Reinhold moved to Santa Fe. "It was a very difficult time," he said. "I don't know if you've ever had this experience where all of your friends know something about you, but it comes as a total and complete shock to you. And you have to face it. It was an extremely painful thing for me--to recognize and take responsibility for the damage that I'd done... It's been a profound change for me, and I'm grateful for it," he said. "If Vice Versa had become a success, I might not have dealt with any of this, and I'm not sure where I would be now."[5]

He had supporting roles in Rosalie Goes Shopping (1989) and Daddy's Dyin': Who's Got the Will? (1990) and the lead in Enid Is Sleeping (1991) and Zandalee (1991).

Reinhold starred in the Canadian hard rock band Harem Scarem's 1992 music video "Honestly" as the male love interest. In 1992, he said, "I've learned a lot in the past three years. It's been pretty painful, but I'm grateful for all of it, 'cause I've grown up more in the past three years than I have in my whole life."[5] In 1994, Reinhold appeared in Beverly Hills Cop III and The Santa Clause. He has reprised the role of Dr. Neal Miller for the Santa Clause sequels.

Later career[edit]

Reinhold was nominated for an Emmy for a role on Seinfeld in which he played the infamous "close talker" who developed an obsession with Jerry's parents. He has also been seen in Steven Spielberg's epic miniseries Into the West and replaced Charles Grodin in two direct-to-video movies in the Beethoven film series.

Reinhold appeared in the 2008 political satire Swing Vote.

Reinhold returned as Det. William Rosewood for the fourth installment of the Beverly Hills Cop series, with Eddie Murphy, with Rush Hour's Brett Ratner directing.[6][7]

Cultural references[edit]

Reinhold has occasionally been referred to in film and television, largely in reference to his first name. In the film Fanboys, Billy Dee Williams appears as a courtroom judge named "Judge Reinhold".[8] In the Becker episode "Trials and Defibrillations", the presiding judge is called Judge (Miriam) Reinhold. In Arrested Development, Reinhold, playing himself, appears as the judge of a fictional court show, a parody of such series as Judge Judy and Judge Mathis. Reinhold similarly voiced his own portrayal in Clerks: The Animated Series, in which he was also portrayed as a courtroom judge.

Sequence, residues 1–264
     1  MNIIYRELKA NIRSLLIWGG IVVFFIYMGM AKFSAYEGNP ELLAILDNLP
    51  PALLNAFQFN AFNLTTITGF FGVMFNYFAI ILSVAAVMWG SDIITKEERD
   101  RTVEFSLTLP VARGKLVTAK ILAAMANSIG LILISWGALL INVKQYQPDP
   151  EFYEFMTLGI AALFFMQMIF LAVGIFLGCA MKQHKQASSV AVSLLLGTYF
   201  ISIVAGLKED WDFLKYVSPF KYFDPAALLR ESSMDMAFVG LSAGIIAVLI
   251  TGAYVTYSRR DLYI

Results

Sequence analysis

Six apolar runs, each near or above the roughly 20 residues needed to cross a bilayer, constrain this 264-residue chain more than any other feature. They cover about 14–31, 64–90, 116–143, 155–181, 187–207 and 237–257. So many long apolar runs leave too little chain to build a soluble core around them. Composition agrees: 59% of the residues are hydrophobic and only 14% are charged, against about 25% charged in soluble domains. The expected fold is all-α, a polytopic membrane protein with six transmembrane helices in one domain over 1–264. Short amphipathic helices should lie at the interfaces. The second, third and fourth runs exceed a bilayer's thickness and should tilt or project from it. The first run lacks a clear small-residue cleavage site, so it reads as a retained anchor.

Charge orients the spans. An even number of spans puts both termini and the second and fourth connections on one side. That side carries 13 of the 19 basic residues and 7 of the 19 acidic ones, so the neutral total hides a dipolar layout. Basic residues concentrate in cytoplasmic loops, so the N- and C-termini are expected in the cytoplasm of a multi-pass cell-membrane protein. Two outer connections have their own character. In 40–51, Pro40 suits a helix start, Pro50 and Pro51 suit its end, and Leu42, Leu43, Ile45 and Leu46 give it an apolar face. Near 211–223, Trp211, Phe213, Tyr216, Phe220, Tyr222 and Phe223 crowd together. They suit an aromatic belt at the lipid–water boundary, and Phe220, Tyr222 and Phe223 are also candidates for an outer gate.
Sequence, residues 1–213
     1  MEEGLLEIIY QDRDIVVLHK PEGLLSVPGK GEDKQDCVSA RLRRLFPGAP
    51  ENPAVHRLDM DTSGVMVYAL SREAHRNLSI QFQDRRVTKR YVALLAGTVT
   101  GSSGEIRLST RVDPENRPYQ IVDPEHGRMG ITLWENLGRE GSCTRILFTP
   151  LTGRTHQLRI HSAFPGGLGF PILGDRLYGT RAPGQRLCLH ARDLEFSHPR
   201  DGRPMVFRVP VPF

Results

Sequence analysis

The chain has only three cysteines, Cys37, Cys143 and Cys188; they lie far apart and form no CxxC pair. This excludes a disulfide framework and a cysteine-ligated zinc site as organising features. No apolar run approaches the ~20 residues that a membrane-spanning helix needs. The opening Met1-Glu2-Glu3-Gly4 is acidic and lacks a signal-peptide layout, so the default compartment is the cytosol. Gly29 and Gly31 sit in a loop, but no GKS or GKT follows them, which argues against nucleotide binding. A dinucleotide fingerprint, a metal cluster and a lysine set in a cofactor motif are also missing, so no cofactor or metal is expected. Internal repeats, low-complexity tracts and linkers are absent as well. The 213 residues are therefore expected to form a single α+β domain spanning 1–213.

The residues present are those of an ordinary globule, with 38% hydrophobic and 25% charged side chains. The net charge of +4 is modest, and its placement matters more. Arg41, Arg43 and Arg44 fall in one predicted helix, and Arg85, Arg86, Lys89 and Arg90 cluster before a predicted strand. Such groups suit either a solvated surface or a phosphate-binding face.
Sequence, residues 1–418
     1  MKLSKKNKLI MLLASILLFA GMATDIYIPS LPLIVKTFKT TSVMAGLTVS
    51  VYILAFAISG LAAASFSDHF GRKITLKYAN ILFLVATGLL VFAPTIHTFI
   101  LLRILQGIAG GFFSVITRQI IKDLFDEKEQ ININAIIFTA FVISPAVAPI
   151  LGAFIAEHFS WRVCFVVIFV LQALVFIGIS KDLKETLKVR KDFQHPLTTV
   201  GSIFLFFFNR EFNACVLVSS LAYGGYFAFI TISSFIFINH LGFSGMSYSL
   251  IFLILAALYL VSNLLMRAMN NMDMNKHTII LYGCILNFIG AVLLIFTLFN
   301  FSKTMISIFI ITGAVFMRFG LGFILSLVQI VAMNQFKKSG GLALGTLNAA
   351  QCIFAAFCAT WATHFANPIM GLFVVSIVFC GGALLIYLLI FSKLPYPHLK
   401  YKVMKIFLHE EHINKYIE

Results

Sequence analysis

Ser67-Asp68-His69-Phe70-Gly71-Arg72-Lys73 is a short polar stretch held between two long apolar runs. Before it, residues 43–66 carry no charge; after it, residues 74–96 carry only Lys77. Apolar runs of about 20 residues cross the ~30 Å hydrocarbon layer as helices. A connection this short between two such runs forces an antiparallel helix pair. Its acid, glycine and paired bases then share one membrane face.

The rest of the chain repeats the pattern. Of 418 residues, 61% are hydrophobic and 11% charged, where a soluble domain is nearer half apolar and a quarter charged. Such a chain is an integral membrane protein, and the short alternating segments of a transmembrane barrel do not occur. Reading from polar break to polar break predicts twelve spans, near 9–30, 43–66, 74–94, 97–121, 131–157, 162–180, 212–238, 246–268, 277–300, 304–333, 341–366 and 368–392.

Filmography[edit]

Awards and nominations[edit]

Year Award Category Work Result
1994 Primetime Emmy Award Outstanding Guest Actor in a Comedy Series Seinfeld Nominated

Personal life[edit]

Reinhold was arrested at Dallas Love Field airport on December 8, 2016, for disorderly conduct after objecting to a patdown from security. He spent ten hours in jail, and pleaded no contest the next month, taking a 90-day deferred sentence.[9]

References[edit]

  1. ^ Judge Reinhold Biography from FilmReference.com
  2. ^ "Weddings: Miller/Reinhold". Boca Raton News. February 6, 2000. p. 29. Retrieved 2018-03-22.
  3. ^ "Marriage Announcement: Attorney is Fiance of Regina Fleming". The New York Times. May 26, 1954. p. 37. Retrieved 2018-03-22.
  4. ^ a b c d Davis, Chuck (August 3, 1986). "Judge Reinhold Courts Stardom". The Oklahoman. Retrieved March 22, 2018.
  5. ^ a b c Rhodes, Joe (March 15, 1992). "Judge For Yourself: Reinhold Talks About His Rapid Rise and Fall--and His Current Film on showtime". Los Angeles Times.
  6. ^ "Judge Reinhold on what happened to Beverly Hills Cop 4". Moviehole. March 17, 2013. Retrieved March 22, 2018.
  7. ^ Highfill, Samantha (May 5, 2014). "Beverly Hills Cop 4' gets a 2016 release date, and we have a few burning questions". Entertainment Weekly. Retrieved March 22, 2018.
  8. ^ "Fanboys (2009)". IMDb. 13 February 2009.
  9. ^ Wilonsky, Robert (January 18, 2017). "Judge Reinhold pleads no contest to Dec. 8 dust-up with TSA, DPD at Love Field". The Dallas Morning News.

External links[edit]